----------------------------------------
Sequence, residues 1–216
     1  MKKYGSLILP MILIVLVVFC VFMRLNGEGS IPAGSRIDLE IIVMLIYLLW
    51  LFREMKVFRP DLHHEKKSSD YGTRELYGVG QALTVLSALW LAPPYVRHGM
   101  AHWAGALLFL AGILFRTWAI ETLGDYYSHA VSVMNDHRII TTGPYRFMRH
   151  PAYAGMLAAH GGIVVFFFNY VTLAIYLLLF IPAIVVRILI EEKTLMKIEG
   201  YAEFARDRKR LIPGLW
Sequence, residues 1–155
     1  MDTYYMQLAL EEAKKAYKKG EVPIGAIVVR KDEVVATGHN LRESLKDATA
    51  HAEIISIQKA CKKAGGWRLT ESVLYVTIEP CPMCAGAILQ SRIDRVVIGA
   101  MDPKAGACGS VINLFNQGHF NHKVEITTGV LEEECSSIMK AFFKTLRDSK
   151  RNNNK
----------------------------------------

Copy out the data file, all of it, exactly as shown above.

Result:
Sequence, residues 1–216
     1  MKKYGSLILP MILIVLVVFC VFMRLNGEGS IPAGSRIDLE IIVMLIYLLW
    51  LFREMKVFRP DLHHEKKSSD YGTRELYGVG QALTVLSALW LAPPYVRHGM
   101  AHWAGALLFL AGILFRTWAI ETLGDYYSHA VSVMNDHRII TTGPYRFMRH
   151  PAYAGMLAAH GGIVVFFFNY VTLAIYLLLF IPAIVVRILI EEKTLMKIEG
   201  YAEFARDRKR LIPGLW
Sequence, residues 1–155
     1  MDTYYMQLAL EEAKKAYKKG EVPIGAIVVR KDEVVATGHN LRESLKDATA
    51  HAEIISIQKA CKKAGGWRLT ESVLYVTIEP CPMCAGAILQ SRIDRVVIGA
   101  MDPKAGACGS VINLFNQGHF NHKVEITTGV LEEECSSIMK AFFKTLRDSK
   151  RNNNK